My favorite is what we call the late-phase solar flare. A solar flare is a bright flash of light, an amazing amount of energy that is released very quickly. And it's at very short wavelengths [X-rays, for example]. What we found was that if we sat and watched for a while, that same part of the sun would glow again, at longer wavelengths.

More energy could come out in the second part of the flare than what was released in the flare itself. And these wavelengths are the things that affect our atmosphere a lot. X-rays come down deep into the atmosphere. But these other wavelengths are absorbed higher up, and could affect things like satellite drag and other properties that we worry about out in space.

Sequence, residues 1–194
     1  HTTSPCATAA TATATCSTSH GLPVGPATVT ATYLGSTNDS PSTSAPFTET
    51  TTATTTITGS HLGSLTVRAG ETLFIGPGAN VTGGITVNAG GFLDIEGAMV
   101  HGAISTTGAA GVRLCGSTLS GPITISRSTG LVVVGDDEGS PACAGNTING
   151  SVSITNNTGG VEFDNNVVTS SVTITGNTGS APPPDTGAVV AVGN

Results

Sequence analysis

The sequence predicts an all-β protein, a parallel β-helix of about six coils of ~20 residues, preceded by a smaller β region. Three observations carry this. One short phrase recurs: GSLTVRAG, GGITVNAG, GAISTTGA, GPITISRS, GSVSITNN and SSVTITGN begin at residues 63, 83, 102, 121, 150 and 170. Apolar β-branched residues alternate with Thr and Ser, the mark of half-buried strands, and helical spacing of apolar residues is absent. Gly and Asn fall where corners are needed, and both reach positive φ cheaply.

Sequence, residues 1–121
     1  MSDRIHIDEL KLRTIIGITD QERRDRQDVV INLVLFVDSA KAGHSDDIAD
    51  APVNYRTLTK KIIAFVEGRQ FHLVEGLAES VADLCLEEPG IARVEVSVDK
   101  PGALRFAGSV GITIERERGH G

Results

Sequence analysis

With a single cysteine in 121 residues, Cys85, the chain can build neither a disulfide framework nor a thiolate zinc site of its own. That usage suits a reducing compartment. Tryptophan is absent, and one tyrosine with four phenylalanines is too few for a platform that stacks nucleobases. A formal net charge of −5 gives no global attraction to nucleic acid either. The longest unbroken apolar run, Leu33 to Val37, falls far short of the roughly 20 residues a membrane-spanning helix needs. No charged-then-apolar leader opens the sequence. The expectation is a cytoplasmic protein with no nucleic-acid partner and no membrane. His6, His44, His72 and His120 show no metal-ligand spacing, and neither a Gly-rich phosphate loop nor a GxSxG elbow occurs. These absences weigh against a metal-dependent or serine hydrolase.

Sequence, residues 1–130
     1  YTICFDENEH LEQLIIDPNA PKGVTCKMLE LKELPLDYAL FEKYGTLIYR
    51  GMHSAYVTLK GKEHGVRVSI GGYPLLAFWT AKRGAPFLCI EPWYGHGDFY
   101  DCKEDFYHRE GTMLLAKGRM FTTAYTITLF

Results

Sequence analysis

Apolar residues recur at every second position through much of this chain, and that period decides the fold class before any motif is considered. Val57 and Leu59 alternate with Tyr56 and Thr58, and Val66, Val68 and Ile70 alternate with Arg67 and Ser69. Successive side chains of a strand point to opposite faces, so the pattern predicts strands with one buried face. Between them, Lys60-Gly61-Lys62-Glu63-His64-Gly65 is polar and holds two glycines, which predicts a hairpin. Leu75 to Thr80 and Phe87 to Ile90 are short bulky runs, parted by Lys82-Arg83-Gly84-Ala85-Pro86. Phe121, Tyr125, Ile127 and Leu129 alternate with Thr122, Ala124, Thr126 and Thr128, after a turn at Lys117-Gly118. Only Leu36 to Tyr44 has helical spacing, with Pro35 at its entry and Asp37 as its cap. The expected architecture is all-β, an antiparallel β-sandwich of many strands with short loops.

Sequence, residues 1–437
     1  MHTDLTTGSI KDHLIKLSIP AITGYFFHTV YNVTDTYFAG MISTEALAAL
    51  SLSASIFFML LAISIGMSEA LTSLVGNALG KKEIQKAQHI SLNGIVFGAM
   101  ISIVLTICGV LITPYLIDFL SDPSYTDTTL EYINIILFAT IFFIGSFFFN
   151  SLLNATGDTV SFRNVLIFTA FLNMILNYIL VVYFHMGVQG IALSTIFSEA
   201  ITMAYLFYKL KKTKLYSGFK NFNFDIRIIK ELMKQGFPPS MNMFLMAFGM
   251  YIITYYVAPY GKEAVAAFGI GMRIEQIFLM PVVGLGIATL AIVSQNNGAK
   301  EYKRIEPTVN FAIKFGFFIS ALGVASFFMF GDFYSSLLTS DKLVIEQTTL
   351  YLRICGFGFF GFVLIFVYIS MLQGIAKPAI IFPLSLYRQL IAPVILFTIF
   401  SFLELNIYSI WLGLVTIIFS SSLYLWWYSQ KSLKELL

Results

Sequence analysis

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What the long-term goal of the mission?

Our big thing is: Where does the magnetic field of the sun come from, and how does it get destroyed and ejected? That's what affects us.

The sun has a strong magnetic field at the surface every 11 years, and we see that as sun spots. But we also see that as what we call space weather. [This solar activity results in increased satellite drag, which can knock a satellite out of its intended orbit.] So the satellites that we spend so much money on to put in space come down more quickly because of the drag. It affects our GPS navigation satellites, and even our power grid here on the Earth.

We want to know where that space weather comes from. And the only way to do that is to know what is happening with the sun's magnetic field.